When The TREAD Act was first proposed, manufacturers expressed concern that sensitive company information would be made available to the general public. Subsequently, however, NHTSA has provided details about the information it will keep confidential. According to Jones, NHTSA will protect:

  • Production numbers
  • Warranty claim counts
  • Customer complaint counts
  • Field reports

“All of these are to be withheld from the public, even if a Freedom of Information Act request is filed,” Jones said.

Information on fatalities, injuries, and property damage claim counts, however, are expected to be public. NHTSA has not yet said how this information will be made public.

Companies that consider themselves in unusual circumstances can petition NHTSA to keep their fatality, injury, and property claim information confidential.

The NHTSA Web site has additional information, including explanations of vehicle coding, electronic submission, application to get a manufacturer identification number, and links to the various interpretations to which Jones referred.

Following her presentation, Jones fielded questions from the audience.

Question: We already have begun installing bodies on 2005 model chassis. Should we report them as 2005 or for 2004?

Jones: You can choose. You do not have to follow the chassis manufacturer's model year, but you do must be consistent. You can consider this a 2004 model, but it probably is easier to follow the model year that is in the VIN.

Question: What does NHTSA mean by an equipment manufacturer?

Jones: They are talking about a company that puts together and offers for sale an item for installation on a motor vehicle equipment. It could be a body, a spark plug, or a tire. It's anything that is installed in or on a motor vehicle, either when it is new or used. Motor vehicle equipment is a broad subject that even covers things that are not operational. If you install a body onto a chassis, and you put a final-stage certification label on that vehicle, you are a vehicle manufacturer. If you assemble the body from raw materials, and you sell that body to someone else for installation, you are considered an equipment manufacturer. But if you merely install readily attachable components, NHTSA has said that that is not enough to make you a vehicle manufacturer. For example, if Ford sends a vehicle to its local dealer, and the dealer has to install the mirrors, installing readily attachable components such as mirrors does not make the dealer a manufacturer.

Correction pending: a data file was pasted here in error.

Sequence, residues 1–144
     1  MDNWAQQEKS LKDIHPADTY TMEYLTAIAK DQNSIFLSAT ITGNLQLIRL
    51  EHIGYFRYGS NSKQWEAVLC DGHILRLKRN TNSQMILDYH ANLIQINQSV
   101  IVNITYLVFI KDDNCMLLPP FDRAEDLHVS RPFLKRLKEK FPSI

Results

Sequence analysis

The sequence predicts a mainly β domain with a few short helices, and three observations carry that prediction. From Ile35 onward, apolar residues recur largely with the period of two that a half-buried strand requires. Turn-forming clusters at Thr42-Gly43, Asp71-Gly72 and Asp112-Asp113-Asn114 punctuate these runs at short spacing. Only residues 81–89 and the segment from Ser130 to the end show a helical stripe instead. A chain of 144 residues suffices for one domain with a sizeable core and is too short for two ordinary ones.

Question: If we install bodies on 400 chassis, but we also mount snowplows on 300 pickup trucks, what is our status?

Jones: That's a good question, because NHTSA has gone back and forth about whether alterers are manufacturers. The agency generally considers them to be manufacturers. I think NHTSA would classify you as a large-volume manufacturer for TREAD Act purposes, but I am not certain.

Steve Spata, NTEA technical services manager: NHTSA has told us that if you are required to put a certification label of any form, you are either a final-stage manufacturer or a vehicle alterer. Either way, it counts.